What misinformation about RDs would you like to clear up?

Ugh. SO MUCH MISINFORMATION: That dietitians just put people on diets. That dietitians only follow Canada’s Food Guide. That dietitians are the food police. That dietitians only eat “healthy food”, or boring, bland food. That dietitians are behind the times. That dietitians don’t know how to cook. This could be a whole interview in and of itself.

What would you like people to know about RDs?

Despite the name of our profession, we’re not out to put people on diets, or make everyone (or anyone, actually) follow Canada’s Food Guide. We’re here to help people achieve better health and wellness through food, based on current research. Also, if we’re eating together, you don’t need to hide your food from us – we’re not paying attention! Often, we’re more worried about what you think of what we’re eating.

What are challenges you encounter as a RD?


Misinformation, whether it’s about our profession, or about food and nutrition in general. Sometimes I feel like I have to put out the fires before I can get to the fun stuff!

Also, food is so much more than fuel. It’s comfort. It’s celebration. It’s cultural identity. It’s habit. So there’s a lot to consider when it comes to eating well, way, way, way beyond calories, nutrients and “what’s good for you.” I think this is a fun challenge though.

What do people think that you do for a living?

Post photos of my meals on Instagram (hahaha).

What are you passionate about in dietetics?


Eating well should be straightforward, doable and enjoyable, and I believe that everyone deserves to discover the food choices and eating habits that checks those three boxes for them. The “perfect diet” is one that you can keep “following” for life, and I love it when I see people have those “aha” moments where they realize that healthy eating isn’t about rules and restrictions.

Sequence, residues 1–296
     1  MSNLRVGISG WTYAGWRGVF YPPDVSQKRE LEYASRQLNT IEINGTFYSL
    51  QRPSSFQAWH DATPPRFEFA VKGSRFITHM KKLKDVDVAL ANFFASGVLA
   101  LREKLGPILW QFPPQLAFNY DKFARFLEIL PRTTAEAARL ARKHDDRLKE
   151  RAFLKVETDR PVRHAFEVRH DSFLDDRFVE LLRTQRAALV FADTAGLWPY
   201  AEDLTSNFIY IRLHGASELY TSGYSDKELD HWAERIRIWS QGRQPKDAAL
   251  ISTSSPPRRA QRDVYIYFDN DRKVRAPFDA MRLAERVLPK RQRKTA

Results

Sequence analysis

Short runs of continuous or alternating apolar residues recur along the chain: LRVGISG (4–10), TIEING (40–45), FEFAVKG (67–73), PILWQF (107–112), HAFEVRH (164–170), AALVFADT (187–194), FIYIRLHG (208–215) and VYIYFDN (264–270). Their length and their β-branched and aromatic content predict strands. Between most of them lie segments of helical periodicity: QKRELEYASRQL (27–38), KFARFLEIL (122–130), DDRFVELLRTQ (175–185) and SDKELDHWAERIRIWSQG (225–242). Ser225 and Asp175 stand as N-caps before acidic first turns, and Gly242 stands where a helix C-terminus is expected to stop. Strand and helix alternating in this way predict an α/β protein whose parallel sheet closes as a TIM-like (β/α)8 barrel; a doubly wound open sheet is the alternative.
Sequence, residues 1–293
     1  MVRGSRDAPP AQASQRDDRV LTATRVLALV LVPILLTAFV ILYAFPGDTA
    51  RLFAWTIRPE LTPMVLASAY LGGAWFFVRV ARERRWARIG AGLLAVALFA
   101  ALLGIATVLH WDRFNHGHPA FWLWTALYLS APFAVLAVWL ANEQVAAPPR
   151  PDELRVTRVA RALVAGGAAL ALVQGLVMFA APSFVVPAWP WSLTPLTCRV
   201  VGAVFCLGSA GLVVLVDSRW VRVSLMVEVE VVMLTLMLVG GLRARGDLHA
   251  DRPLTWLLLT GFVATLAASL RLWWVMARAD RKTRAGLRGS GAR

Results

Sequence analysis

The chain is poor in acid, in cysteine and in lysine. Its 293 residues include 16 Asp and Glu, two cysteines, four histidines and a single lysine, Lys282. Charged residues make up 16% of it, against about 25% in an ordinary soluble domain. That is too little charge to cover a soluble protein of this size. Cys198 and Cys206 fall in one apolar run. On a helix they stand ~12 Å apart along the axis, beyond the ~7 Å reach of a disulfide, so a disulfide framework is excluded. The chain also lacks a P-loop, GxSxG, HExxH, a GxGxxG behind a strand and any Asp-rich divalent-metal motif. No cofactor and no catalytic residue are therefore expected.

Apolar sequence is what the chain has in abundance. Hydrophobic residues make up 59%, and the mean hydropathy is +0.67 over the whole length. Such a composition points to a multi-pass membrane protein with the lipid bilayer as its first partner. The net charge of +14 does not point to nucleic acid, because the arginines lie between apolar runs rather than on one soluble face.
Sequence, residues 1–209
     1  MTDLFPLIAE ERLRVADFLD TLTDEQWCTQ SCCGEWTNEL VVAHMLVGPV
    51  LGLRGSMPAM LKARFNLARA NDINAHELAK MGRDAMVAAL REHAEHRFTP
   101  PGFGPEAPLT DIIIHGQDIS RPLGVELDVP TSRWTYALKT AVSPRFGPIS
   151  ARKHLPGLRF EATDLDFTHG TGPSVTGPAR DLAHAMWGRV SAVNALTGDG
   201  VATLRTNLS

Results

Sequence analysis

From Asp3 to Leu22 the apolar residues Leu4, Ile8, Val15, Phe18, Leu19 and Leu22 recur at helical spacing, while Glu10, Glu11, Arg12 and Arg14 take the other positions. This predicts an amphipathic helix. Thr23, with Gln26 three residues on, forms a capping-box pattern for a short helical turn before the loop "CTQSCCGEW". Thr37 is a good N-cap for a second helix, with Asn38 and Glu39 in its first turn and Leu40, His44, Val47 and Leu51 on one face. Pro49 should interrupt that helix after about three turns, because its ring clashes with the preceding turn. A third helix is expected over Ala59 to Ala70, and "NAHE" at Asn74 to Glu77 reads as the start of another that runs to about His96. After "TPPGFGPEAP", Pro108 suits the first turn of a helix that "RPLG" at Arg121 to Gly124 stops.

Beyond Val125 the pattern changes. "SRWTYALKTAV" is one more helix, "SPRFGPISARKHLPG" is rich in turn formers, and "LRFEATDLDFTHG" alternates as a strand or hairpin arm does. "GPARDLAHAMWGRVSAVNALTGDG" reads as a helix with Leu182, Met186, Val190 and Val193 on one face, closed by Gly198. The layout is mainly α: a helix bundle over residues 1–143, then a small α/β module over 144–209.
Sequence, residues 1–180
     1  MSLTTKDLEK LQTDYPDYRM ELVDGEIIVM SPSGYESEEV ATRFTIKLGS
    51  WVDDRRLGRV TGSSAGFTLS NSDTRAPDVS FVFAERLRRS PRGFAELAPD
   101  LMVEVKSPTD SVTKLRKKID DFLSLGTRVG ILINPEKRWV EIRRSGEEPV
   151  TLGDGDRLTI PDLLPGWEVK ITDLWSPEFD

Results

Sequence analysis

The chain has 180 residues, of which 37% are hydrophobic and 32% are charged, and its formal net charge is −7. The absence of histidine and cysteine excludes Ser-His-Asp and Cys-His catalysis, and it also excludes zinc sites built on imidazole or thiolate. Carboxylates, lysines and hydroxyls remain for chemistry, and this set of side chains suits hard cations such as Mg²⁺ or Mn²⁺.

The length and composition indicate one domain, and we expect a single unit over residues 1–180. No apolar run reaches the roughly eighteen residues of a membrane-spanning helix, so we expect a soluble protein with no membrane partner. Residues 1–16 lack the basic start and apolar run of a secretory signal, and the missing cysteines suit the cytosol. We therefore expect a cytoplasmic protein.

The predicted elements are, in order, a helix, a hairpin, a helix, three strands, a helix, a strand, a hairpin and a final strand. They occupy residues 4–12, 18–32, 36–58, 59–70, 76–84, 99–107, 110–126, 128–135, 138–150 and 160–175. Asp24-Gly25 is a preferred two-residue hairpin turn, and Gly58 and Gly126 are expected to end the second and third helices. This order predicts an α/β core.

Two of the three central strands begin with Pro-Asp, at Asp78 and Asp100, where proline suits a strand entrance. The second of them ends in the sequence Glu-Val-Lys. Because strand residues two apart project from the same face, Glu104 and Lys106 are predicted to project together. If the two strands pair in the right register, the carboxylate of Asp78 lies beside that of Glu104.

What makes RDs unique/different from other nutrition/wellness professionals?

RDs consider the big picture when it comes to food and eating well. We look at the whole body of evidence, instead of jumping on the newest study or latest trend. We look at how all foods can fit in your lifestyle and help you move toward your goals, instead of restricting “bad” foods and pushing specific “good” foods.

What is your favourite meal?


Any one that my husband makes for me!

What tip(s) would you give to our readers?


You know more about healthy eating than you think! If you’re choosing minimally processed, plant-based foods most of the time, then you’re already on the right track. I think there’s so much nutrition noise out there that it makes us doubt our own intuition in terms of what’s good for us and makes us feel good. So my biggest tip when people feel overwhelmed and not sure where to start is to start by looking within, and use your own knowledge and past experiences just to help you get going. Then work with a dietitian to help you fill out the nitty-gritty details.

More about Vincci:

Website: Vincci Tsui, RD
Facebook: Vincci Tsui, RD
Twitter: @VincciRD
Instagram: @vinccird
Snapchat: vinccird


Thanks Vincci! Find out more about What RDsDo.

If you're a dietitian that would like to be featured, email me for the details!